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Thread: Notes on the philosophy of CUI

  1. #101
    Woo! Hoo! my 1st post
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    Default Re: Notes on the philosophy of CUI

    Okay. Woah. So I'm not a menu tweaker by any stretch. I make a couple of toolbar buttons here and there. I'm a keystroke guy, so the .pgp file has been my custom content up until now...

    I know this is going to be WAY out of place, but I'm afraid that I can't search through 10 pages of information that is beyond me just to figure out a few simple ideas and definitions.

    So...could someone take a step back and give me a bit of an overview of the structure of ribbons, pallets, partial cuix, enterprise cuix, and anything else anyone thinks might be pertinent.

    To give you all context: this past summer I've become the lead engineer in a department of 4 people. Up until now our company has had some unwritten 'standards' in the drafting arena. Those seem to have gone out the window in recent years due to the volatile economy and resulting personnel turnover. I'm writing policy and procedure to be implemented through the 1st quarter of next year. I would like to give the guys a base ACAD (2010) structure of standard blocks loaded onto Tool Pallets and a few custom toolbars with some LISP routines loaded at startup. I know that none of this requires heavy custom interfacing, but to go along with the minty-fresh (now correct and organized) blocks and such on the server I would like to give the guys a clean interface including Tool Pallets to insert said blocks, and instructions on how to customize the interface. In order to be effective, I need to understand how the CUI editing works, and plainly: I don't. Not completely. So here are some specific questions:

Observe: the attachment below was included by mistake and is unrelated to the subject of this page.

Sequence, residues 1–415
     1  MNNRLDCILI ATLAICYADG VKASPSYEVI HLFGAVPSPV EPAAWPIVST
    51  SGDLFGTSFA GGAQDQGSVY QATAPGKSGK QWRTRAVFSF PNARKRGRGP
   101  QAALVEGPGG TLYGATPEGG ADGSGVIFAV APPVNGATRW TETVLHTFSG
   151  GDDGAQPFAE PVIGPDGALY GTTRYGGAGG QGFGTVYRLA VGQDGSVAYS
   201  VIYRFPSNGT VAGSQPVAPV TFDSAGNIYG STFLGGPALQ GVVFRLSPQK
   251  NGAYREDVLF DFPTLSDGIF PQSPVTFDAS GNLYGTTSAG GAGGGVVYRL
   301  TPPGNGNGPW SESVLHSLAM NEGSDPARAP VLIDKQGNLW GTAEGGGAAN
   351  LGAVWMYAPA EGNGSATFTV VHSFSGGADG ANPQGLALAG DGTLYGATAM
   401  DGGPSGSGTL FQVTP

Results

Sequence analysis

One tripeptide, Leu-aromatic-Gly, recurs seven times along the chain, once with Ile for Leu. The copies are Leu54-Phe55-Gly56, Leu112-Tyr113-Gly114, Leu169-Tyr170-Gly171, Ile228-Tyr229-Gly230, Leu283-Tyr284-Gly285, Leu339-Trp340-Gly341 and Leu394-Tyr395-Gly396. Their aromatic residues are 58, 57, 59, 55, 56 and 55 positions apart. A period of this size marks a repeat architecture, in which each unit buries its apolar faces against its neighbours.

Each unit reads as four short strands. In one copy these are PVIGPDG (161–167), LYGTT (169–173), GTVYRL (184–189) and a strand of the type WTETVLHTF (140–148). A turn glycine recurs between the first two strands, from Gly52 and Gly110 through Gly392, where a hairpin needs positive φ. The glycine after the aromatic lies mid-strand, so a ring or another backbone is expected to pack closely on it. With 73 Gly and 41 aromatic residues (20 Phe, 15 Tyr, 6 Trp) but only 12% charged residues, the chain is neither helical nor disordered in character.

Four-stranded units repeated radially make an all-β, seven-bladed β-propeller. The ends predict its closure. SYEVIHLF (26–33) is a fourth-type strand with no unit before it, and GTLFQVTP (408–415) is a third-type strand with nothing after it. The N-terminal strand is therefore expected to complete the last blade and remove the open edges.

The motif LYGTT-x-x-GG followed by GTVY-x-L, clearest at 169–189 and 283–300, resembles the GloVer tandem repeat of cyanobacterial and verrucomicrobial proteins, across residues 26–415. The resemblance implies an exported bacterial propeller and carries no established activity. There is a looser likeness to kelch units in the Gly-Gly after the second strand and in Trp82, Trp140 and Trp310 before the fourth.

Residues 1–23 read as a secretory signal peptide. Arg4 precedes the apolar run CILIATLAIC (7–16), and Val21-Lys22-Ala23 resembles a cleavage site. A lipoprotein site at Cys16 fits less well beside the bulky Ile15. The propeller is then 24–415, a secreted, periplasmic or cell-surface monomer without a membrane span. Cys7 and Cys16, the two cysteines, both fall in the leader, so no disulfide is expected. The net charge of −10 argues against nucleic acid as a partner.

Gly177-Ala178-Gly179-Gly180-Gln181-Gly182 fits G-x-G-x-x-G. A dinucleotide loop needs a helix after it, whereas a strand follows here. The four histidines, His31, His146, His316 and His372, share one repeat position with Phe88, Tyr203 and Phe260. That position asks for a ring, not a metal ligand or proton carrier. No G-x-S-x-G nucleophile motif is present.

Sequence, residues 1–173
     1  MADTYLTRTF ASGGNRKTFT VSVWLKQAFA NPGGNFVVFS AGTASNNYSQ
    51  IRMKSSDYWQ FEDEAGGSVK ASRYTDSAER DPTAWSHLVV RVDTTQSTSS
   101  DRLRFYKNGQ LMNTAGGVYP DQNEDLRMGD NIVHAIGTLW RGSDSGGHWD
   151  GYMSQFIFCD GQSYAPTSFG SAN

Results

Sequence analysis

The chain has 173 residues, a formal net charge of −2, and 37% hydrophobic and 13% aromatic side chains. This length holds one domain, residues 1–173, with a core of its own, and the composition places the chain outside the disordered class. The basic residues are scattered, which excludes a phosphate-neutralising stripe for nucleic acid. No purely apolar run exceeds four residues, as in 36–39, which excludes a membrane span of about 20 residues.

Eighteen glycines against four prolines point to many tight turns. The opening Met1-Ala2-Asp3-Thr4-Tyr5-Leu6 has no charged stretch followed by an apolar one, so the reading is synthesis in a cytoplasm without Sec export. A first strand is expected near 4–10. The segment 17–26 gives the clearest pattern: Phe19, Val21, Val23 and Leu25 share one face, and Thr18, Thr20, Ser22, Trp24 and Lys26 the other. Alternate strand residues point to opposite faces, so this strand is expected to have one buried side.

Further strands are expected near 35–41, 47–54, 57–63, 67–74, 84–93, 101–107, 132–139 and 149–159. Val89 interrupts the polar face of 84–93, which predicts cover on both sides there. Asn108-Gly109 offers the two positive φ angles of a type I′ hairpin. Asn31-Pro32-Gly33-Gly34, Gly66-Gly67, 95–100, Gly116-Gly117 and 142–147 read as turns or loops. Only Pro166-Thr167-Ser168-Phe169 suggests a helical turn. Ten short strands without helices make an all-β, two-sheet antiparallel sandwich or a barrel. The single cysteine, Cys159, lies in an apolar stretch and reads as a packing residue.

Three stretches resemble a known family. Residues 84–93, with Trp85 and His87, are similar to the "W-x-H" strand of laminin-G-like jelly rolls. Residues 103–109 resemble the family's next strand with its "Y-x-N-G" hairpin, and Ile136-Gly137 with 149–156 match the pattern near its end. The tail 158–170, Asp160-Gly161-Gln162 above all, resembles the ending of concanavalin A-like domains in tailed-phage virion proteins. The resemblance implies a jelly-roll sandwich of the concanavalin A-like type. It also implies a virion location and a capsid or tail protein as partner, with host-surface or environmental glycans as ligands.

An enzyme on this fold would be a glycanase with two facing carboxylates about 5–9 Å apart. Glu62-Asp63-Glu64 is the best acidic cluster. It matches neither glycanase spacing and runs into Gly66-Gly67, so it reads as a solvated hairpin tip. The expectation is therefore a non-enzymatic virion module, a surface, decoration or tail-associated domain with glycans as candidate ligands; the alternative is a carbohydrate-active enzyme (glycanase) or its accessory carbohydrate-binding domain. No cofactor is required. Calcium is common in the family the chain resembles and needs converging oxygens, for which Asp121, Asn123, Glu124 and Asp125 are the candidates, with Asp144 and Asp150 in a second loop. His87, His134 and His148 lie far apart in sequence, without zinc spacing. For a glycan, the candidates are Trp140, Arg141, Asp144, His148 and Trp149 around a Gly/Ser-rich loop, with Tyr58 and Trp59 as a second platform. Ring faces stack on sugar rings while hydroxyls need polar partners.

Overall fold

1. Partial CUIx: are these essentially 'overlays' on top of the main cuix (acad.cuix, or whatever is set to load at startup)?
    2. I keep seeing the word 'enterprise' attached to the idea. What exactly is this? A read-only server-side starting point interface?
    3. How do I 'point' ACAD to a directory in which I'd like to save the 'enterprise' cuix (as I understand its definion)?

    Since I'm using IE Explorer, and it keeps crashing, I'm going to leave it at that for now before I lose this post.

    Thanks in advance, you crazy tweakers!
    Last edited by Marc_D; 2013-12-16 at 07:38 PM.

  2. #102
    Member Randall Temple's Avatar
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    Default Re: Notes on the philosophy of CUI

    It's been a while since I implemented this, but I'll gtake a shot at explaining it.

    If you open the Options dialog in ACAD, on the Files tab, you'll see Customization Files in the tree (the 5th item in ACA2013.) Expanding that, you'll see Main Customization File, Enterprise Customization File, and Custom Icon Location.

    The Main Customization File is for user customizations. Properly set up, it is unique to each individual user. In our small network, it resides in the user's folder on the server, along with their profile (.arg file.) I have them all named User.cuix, so I can use one LISP routine to set (or reset) the files and paths on any of our workstations.